John Romero: A boy from the desert who learned about STEAM the hard way
John Romero, co-founder of Romero Games. Image: Conor McCabe Photography

John Romero: A boy from the desert who learned about STEAM the hard way

25 Aug 201724 Shares

John Romero is a legend in the gaming industry, but his rise to prominence was by no means a walk in the park, as he recently explained at Inspirefest 2017.

2017 was the second time that veteran video game designer and programmer John Romero – who is co-owner of Romero Games along with his partner Brenda – appeared at Inspirefest to discuss his role in some of the most iconic video games of all time.

But, before Wolfenstein 3D, Doom and Quake, there was a time when the very concept of working in the fields of science, technology, engineering and maths (STEM) was as close to Romero’s world as being an astronaut.

He described growing up in one of the poorest parts of Tucson, Arizona during the 1960s and 1970s, where “STEM was nowhere to be seen in that hot desert”.

He continued: “Access to STEM was to the privileged. I didn’t know what a chemistry set looked like, and I didn’t even know what chemistry was.”

Now and then, Romero said, we are fooling ourselves to think that STEM is something that everyone has access to in their schools or homes. What does make it accessible to the masses, however, is the simple addition of another letter to the acronym: ‘A’ for art.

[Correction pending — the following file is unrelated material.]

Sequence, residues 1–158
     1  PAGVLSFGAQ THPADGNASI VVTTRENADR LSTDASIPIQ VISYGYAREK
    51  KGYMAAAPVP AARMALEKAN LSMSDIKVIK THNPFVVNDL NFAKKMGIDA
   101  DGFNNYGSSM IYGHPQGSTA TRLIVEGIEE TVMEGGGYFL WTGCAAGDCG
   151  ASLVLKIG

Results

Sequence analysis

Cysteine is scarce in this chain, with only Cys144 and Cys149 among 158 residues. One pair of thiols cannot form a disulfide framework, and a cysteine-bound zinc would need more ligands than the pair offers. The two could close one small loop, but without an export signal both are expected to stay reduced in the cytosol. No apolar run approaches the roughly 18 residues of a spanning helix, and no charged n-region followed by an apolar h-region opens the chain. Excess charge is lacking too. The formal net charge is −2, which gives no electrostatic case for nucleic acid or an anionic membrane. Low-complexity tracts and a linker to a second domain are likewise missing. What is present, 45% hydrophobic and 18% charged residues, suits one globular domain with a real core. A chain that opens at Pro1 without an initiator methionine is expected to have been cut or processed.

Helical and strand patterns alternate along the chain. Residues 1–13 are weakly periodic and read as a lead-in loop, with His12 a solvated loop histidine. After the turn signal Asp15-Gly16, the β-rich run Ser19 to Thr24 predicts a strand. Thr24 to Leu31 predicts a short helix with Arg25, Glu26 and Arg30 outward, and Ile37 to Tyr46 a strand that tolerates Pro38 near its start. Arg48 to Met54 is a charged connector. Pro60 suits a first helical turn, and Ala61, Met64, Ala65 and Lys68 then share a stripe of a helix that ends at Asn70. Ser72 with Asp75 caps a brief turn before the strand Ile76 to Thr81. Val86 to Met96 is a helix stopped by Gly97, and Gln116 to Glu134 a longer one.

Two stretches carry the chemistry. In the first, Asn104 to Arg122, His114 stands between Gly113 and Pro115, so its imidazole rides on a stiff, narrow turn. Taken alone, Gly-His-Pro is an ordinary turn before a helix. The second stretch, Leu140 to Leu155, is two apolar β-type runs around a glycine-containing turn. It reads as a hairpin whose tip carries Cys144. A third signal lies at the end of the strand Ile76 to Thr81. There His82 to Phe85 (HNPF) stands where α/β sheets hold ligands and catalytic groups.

STEAM is a concept that has grown legs over the past few years as the boundaries between the worlds of creativity and science dissolve, albeit it with serious effort, as we heard at Inspirefest 2016.

Art is the most important variable in STEAM equation

For Romero, art is the most accessible of all forms of creation, and should be treated as a gateway to STEM for kids who like to draw and create art.

After playing around with computers throughout his childhood, Romero said that his life changed the day his parents bought him an Apple II Plus computer.

While it taught him the skills needed to program lots of different games, it also laid the foundation for his career in the gaming industry.

For many of the cult games that Romero worked on, his creativity in the design of levels and characters is often lauded as his crowning achievement.

“Design is creativity, design is art, and art is the most important variable in the STEAM equation,” he said.

“Without a good design, the time you would spend programming is basically wasted.”

Inspirefest is Silicon Republic’s international event connecting sci-tech professionals passionate about the future of STEM. Ultra Early Bird Tickets for Inspirefest 2018 are on sale now!

Colm Gorey
By Colm Gorey

As an award-winning editor for Consumer Magazine of the Year 2013, Colm joined Siliconrepublic.com in January 2014 as a journalist covering AI, IoT, science and anything that will get us to Mars quicker. When not trying to get his hands on the latest gaming release, he can be found lost in a sea of Wikipedia articles on obscure historic battles and countries that don't exist anymore or watching classic Simpsons episodes far too many times to count.

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